Madeleine Taplin

As Sydney remains in lockdown, a number of things about our daily lives have changed. Most importantly, online learning is back, forcing kids out of the classroom and into home-study. It is well known that children tend to be sensitive to change. It can bring anxiety to the front and potentially create poor/negative behaviour. In order to deal with change appropriately, we have to start by making children understand that change can be good! By phrasing lockdown as a gained opportunity rather than a missed one, we can start to alter the way in which they see change. However, too much change in a small period of time can be stressful, and this is where routines are essential.

Routine creates stability and establishes consistency- something kids experience on a daily basis once in the school system. By creating and maintaining a schedule, something similar to what they would experience at school, we can help our children feel safe whilst also providing a sense of order and normalcy. Additionally, children need to know what is happening throughout the day in order to adapt their behaviour accordingly. By setting boundaries between ‘work’ and ‘play’, we can ensure that the day runs smoothly without stress, temper-tantrums and adequate time for relaxation.

Sit down with your child and talk about how you want this lockdown period to look. Be honest and open about why they aren’t in school, why it’s important that we continue learning at home, and how this is going to be done. By making it clear to children what their responsibilities are, they are more likely to adapt far quicker.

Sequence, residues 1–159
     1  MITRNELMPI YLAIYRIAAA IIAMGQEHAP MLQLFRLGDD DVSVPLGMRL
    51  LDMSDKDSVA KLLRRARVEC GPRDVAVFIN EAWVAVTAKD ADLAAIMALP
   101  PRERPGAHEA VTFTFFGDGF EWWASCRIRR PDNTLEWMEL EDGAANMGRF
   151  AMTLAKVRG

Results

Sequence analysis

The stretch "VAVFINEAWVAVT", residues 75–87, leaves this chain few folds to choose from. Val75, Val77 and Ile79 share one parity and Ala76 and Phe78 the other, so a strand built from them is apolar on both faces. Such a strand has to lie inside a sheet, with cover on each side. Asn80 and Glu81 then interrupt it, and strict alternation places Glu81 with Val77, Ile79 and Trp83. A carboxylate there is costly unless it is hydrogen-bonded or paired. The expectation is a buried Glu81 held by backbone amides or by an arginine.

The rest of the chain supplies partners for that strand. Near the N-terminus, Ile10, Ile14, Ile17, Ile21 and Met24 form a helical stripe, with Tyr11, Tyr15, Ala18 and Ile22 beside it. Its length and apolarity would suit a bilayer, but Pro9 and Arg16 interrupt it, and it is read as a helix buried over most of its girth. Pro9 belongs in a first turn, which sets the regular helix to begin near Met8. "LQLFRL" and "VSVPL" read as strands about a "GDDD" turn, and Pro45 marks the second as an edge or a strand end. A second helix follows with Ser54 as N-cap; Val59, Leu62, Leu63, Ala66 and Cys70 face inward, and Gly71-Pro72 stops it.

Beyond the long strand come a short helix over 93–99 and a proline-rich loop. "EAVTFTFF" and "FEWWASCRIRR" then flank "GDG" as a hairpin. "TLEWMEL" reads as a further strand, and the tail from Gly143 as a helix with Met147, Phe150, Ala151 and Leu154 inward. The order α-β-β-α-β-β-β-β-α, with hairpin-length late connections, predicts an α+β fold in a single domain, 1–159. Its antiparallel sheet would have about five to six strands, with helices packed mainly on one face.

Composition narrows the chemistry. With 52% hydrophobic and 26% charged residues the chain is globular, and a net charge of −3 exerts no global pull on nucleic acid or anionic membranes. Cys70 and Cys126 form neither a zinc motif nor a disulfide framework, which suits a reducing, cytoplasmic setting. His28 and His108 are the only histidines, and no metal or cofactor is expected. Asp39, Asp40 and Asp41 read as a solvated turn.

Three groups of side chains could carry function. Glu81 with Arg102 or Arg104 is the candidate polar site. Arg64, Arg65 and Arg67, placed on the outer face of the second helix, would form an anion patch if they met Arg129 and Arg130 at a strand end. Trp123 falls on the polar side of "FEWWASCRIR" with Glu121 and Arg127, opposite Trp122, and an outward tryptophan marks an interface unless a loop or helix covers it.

Think about starting each day at the same time as you would for school. Go through the normal routine, and perhaps consider getting your child into their uniform to help signal to them that it is time for work. Ensure that you write up on a whiteboard or a piece of paper what the plan is for the day- when are we having breaks, what can we do in these breaks, what will we eat for morning tea and lunch, when does the school day end, do I need to still do homework outside of ‘school’ hours? These are all the questions your child will be thinking about, so be sure to address them in your plan.

As a parent working from home, ensure that you aim to have your work schedule line up with your child’s, and make sure you are located close to them during the day. This helps to signal to your child that even though you are both working, you are here for each other and there to help when needed. Finally, remember to keep your cool. Sometimes, kids are going to lose it, and need reassurance that everything is ok. Work together and make this lockdown period as smooth and successful as possible – and start creating that schedule!